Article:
Hall related to their witnessing of police brutality during a 1919 protest by supporters
of Russia in New York City.
The bulk of Series II, Volunteer and Professional Work (#F+D.1-2.16), relates to Hall's
civic work in Cleveland during the early 1920s. It contains a notebook, correspondence,
and three scrapbooks including letters, clippings, memorabilia, photographs, and printed
material. In addition, there are four notebooks from Hall's years at the Emergency
Work Bureau in New York. They offer detailed descriptions of her visits to the homes
of unemployed workers. These notes appear to correspond to the questionnaire in #2.9.
Series III, Photographs (#PD.1-PD.11), contains photographs of mostly family and
friends and documents Hall's travels with her husband Keppele Hall. Also included
are photographs of the 1913 Washington, D.C., suffrage parade and the delegates from
In some cases, original phrases and folder titles have been retained. Quotes have
been used to distinguish these phrases and titles from those provided by the processor.
Additional material received in 2013 was added to the collection in October 2013.
This material is housed in #PD.11.
- Series I. PERSONAL
- 1.1v. Prayer book, Steps to the Altar, with notes, 1860, n.d.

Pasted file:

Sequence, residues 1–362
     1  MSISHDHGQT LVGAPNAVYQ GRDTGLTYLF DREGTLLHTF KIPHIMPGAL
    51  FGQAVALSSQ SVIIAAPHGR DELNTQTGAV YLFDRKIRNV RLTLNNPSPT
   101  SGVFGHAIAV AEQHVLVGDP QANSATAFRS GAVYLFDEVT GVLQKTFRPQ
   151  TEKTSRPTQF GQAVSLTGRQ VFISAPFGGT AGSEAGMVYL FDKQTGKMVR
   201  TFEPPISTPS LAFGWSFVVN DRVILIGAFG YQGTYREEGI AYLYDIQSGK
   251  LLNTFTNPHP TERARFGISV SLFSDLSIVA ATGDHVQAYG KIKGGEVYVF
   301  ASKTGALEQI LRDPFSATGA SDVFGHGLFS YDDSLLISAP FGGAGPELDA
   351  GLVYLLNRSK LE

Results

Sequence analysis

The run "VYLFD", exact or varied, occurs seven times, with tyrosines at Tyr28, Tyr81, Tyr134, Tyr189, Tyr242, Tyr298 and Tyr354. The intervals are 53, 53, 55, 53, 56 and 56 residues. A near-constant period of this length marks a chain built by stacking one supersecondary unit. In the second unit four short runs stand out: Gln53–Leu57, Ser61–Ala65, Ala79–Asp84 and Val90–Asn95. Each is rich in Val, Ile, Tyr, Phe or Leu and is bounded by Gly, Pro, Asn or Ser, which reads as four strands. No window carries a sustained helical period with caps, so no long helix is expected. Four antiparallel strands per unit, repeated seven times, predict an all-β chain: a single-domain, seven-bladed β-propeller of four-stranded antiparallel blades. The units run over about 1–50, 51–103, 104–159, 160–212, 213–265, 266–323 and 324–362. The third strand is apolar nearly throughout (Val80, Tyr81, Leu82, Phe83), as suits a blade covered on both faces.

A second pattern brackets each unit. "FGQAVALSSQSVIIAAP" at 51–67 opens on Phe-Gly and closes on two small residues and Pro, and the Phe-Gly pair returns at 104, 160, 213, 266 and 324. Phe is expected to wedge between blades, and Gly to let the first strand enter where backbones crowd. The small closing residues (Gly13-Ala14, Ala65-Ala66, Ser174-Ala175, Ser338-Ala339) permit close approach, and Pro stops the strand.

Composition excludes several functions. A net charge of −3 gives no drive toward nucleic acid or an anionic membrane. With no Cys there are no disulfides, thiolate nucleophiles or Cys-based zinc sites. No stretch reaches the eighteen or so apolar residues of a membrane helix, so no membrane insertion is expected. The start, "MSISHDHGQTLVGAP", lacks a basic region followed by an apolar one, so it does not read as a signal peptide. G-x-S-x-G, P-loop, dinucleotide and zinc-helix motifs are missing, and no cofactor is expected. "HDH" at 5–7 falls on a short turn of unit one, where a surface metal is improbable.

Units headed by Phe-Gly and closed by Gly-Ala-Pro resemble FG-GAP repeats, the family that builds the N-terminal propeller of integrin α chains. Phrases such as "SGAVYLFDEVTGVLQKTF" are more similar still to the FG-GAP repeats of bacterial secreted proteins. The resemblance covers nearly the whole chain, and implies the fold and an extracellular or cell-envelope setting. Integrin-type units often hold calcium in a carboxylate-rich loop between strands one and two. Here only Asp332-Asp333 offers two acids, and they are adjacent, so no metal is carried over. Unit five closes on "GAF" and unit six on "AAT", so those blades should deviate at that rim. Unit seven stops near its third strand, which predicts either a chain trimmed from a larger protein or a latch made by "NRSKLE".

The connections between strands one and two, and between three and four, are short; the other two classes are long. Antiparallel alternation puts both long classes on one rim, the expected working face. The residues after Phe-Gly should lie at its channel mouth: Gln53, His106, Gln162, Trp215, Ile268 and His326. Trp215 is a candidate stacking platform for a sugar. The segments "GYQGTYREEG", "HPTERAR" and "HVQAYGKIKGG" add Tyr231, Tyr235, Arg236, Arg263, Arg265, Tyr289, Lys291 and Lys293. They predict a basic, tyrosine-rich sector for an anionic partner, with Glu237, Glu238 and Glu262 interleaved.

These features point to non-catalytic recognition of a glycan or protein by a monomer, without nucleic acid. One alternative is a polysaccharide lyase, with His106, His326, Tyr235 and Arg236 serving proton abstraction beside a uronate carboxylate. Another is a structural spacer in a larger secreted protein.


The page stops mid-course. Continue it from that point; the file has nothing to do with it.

- 1.2. Clippings, prayers, religious instructions removed from #1.1v, 1887, n.d.
- 1.3. Notebook containing notes, short stories, and a sketch by Fanny Southard Hay Hall,
- 1.4. Personal identification information for Fanny Southard Hay Hall from Webster's Dictionary, ca.1914
- 1.5v. Account book of Fanny and Keppele Hall, 1923-1928
- 1.6v. Notebook: "Mr. Greenfine's Lectures on Pythogorian [sic] Doctrine," Cleveland, 1922
- 1.7v. The Diary of Lucy Anne Higbee: inscription and notes by Fanny Southard Hay Hall, and clipping, 1924
- 1.8. Letter (copy) from Oliver Traver re: selling of The Diary of Lucy Ann Higbee, 1924, removed from #1.7v.
- 1.9. Notes re: genealogy of Higbee family, n.d., removed from #1.7v.
- 1.10-1.11. "A Child's Eye View of Father" (Fanny Southard Hay Hall's memoir of father, Malcolm
Hay): drafts with notes, n.d.
Includes reference copies of photographs; originals in #PD.2.